Australian Football Celebrating the history of the great Australian game


Key Facts

Full name
Wayne Johnston

Known as
Wayne Johnston

The Dominator

19 December 1957 (age 65)

Age at first & last AFL game
First game: 21y 102d
Last game: 32y 229d

Height and weight
Height: 180 cm
Weight: 82 kg

Senior clubs
Prahran; Carlton; Australia; Sturt

Jumper numbers
Carlton: 7

Recruited from
Wandin (1975); Prahran (1979); Carlton (1991)

Wayne Johnston

ClubLeagueCareer spanGamesGoalsAvgWin %AKIAHBAMKBV

AFL: 9,047th player to appear, 547th most games played, 219th most goals kickedCarlton: 877th player to appear, 30th most games played, 15th most goals kicked

Wayne Johnston was an outstanding 'big game' player, nicknamed 'The Dominator', who played his football with immense verve, intensity, aggression, pace and flair. In 1975, aged eighteen, he was recruited by VFA club Prahran, and he did enough in his four season, 68 game, 173 goal career with the club to earn selection in its official 'Team of the Century'. His last game for the Two Blues was the victorious first division grand final against Preston in 1978 when he was one of the best players on view. His display interested two VFL clubs in Carlton and Melbourne and Johnston ended up throwing in his lot with the the former. One reason for this might have been that he felt he had a point to prove in that earlier the same year he had tried out with the Blues but been rejected as lacking the desire necessary to succeed at the elite level of the game. Between 1979 and 1990 he would conclusively prove the doubters wrong, in the process stamping himself as one of Carlton's, and indeed football's, all time greats.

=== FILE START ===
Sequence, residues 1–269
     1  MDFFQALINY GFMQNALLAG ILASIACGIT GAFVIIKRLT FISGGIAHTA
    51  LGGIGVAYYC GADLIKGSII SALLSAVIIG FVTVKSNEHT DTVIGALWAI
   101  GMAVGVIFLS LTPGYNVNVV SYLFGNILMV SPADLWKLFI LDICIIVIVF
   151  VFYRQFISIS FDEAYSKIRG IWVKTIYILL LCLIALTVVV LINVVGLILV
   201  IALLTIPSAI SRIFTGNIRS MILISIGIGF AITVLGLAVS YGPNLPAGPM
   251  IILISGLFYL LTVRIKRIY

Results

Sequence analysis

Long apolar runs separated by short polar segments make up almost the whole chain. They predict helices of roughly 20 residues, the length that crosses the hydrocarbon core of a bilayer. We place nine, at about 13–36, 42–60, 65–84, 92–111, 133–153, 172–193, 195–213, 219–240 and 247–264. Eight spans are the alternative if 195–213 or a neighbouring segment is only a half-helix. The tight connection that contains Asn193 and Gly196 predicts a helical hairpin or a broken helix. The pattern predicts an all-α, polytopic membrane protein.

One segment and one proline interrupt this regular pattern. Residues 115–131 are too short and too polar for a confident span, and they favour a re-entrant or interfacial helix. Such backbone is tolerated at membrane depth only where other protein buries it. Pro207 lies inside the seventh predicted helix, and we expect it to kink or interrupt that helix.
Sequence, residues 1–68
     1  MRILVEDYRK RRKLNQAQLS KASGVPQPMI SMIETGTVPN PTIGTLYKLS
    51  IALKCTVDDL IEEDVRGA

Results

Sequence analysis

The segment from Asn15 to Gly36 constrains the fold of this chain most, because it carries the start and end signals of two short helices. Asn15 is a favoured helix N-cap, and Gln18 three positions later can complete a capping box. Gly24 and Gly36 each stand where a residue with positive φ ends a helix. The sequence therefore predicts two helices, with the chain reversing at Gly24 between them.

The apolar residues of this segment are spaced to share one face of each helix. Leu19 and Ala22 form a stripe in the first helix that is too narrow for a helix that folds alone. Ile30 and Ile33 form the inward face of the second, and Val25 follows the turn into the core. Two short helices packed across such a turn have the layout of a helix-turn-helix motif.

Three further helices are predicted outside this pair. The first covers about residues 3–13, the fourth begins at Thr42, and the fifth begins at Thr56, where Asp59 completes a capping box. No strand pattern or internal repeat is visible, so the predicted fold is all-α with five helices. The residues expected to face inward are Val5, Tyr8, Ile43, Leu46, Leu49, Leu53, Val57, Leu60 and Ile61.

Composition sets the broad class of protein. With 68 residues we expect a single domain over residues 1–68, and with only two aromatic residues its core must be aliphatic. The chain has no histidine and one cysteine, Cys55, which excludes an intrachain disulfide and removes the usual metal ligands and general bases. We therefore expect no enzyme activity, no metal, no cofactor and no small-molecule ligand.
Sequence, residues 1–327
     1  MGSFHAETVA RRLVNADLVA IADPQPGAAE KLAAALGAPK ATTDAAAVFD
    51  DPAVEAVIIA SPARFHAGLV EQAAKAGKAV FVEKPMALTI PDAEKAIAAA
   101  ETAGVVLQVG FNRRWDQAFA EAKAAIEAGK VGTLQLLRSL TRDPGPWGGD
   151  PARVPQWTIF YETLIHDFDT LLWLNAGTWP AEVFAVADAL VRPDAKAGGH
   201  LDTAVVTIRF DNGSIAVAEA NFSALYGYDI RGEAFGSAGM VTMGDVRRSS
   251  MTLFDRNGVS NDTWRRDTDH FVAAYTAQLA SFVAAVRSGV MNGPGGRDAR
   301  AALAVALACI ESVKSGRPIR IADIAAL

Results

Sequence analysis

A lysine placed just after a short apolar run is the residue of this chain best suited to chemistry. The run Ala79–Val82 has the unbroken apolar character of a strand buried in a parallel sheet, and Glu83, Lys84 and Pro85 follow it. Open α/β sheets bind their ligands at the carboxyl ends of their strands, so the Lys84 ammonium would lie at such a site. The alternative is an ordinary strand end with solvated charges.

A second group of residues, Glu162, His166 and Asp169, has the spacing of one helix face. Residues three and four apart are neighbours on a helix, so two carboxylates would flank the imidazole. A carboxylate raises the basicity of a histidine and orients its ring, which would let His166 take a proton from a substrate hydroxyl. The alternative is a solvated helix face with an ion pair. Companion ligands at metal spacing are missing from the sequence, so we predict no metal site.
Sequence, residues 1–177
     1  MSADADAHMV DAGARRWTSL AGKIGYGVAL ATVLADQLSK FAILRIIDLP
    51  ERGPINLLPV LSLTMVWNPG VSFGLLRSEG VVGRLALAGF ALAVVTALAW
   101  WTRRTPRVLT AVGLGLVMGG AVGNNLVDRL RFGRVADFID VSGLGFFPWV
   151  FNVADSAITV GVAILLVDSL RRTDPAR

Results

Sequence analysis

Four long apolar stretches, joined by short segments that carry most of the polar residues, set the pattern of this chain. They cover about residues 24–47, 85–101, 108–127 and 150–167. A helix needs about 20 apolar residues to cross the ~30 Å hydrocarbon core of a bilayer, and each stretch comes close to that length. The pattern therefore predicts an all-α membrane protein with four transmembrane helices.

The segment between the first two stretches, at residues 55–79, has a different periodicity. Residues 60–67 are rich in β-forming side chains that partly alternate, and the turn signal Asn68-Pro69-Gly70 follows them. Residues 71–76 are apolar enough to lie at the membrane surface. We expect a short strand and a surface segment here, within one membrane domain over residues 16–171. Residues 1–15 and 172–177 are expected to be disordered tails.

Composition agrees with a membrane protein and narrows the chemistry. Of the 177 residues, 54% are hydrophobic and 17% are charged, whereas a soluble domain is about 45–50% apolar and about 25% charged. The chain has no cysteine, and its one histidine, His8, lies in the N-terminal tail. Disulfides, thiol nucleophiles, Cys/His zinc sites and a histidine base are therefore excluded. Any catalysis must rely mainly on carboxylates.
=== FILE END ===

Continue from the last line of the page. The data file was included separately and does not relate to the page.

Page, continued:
Over the course of his 209 game 283 game V/AFL career Wayne Johnston was a key contributor to no fewer than four Blues premiership triumphs, won the club's best and fairest award twice (once jointly), represented Victoria three times, served as club skipper in 1984 and 1985, leading goal kicker with 51 goal in 1980, and was named an All Australian in 1987. More subjectively, his ability to perform at optimum effectiveness whenever the stakes were at their highest afforded an emphatic response to those who, back in 1978, had claimed Johnston "lacked desire".

After leaving Carlton at the end of the 1990 season Wayne Johnston endured a horrific time as captain-coach of Sturt in 1991, playing just 3 games because of injury, and ultimately getting sacked ten rounds from the end of the season. After a stint with Ballarat Football League club Sebastapol Johnston captain-coached Kedron Grange in 1993 before accepting that his body was no longer up to the rigours of league football and retiring.

Hardly surprisingly Wayne Johnston's immense contribution to the Carlton cause has been officially recognised with his inclusion in the club's 'Team of the Century' and induction, as a Legend, into the Blues Hall of Fame.

Author - John Devaney


Encyclopedia of AFL Footballers by Russell Holmesby & Jim Main; Wikipedia article;


* Behinds calculated from the 1965 season on.
+ Score at the end of extra time.